The author of the story collection How This Night Is Different (2006) considers mortality in her first novel.
A typical day for 29-year-old Dahlia Finger revolves around toaster pastries, weed and crappy movies on TV. It does not involve looking for a job or a purpose. It does not involve leaving the sweet little cottage in Venice that her father bought for her. Indeed, it does not involve leaving the sofa, so it’s easy to see how lethargy is a symptom she might not notice. A Grand Mal seizure, on the other hand, is pretty hard to miss, and this is how Dahlia discovers that she has brain cancer. Terminal illness does not make Dahlia noble or brave. It makes her angry, sad and terrified, and Dahlia approaches death with the same cynicism, irony and mass-market touchstones that have guided her through life. Albert offers a fresh take on dying young, one that is without sentiment or romance. She does not, however, produce a satisfying novel. While there is a certain mordant humor in the fact that Terms of Endearment is the last movie Dahlia watches before her diagnosis, the pop-cultural references are generally unilluminating clichés. “Bottom line, nobody survives a Glioblastoma. Kind of like nobody puts Baby in a corner, dig?” Well, no, not really. The general structure and style of the book present a more serious problem. Albert seems overwhelmed by the relative spaciousness of the novel form. Most of the narrative is given to long passages of exposition—lots of telling, little showing—as Dahlia reflects on her life. The ending is bracing and poignant, but, as she spends more time in Dahlia’s past than her present, Albert avoids the very topic she seems determined to confront.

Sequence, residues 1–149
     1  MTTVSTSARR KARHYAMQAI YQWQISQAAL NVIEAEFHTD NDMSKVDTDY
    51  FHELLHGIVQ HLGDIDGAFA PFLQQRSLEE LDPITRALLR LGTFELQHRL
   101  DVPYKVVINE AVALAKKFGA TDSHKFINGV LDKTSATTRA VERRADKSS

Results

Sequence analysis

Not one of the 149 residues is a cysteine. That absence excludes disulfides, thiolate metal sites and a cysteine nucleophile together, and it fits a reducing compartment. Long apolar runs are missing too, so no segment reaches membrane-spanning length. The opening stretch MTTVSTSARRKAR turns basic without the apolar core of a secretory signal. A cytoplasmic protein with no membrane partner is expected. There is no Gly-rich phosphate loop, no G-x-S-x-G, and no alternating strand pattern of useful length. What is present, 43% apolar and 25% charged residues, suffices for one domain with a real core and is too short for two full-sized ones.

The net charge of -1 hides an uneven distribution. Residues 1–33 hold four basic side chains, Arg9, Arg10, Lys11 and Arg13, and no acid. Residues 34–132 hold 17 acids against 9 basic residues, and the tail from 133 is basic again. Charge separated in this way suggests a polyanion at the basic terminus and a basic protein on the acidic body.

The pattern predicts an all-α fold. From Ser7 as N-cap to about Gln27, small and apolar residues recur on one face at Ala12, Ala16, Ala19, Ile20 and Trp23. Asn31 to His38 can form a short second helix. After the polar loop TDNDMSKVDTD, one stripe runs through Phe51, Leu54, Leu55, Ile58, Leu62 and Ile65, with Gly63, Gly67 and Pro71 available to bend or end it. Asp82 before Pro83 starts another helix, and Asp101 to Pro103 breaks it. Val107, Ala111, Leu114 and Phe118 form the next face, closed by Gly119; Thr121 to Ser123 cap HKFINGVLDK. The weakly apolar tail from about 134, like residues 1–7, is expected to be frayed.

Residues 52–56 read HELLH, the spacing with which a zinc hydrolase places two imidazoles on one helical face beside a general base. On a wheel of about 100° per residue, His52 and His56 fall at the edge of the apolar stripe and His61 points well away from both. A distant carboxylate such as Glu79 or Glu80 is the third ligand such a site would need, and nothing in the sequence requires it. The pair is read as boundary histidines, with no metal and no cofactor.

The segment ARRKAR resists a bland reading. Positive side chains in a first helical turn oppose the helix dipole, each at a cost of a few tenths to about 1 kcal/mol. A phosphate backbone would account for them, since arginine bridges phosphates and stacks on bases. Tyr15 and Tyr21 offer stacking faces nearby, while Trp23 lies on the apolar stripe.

A disappointing attempt from a talented writer.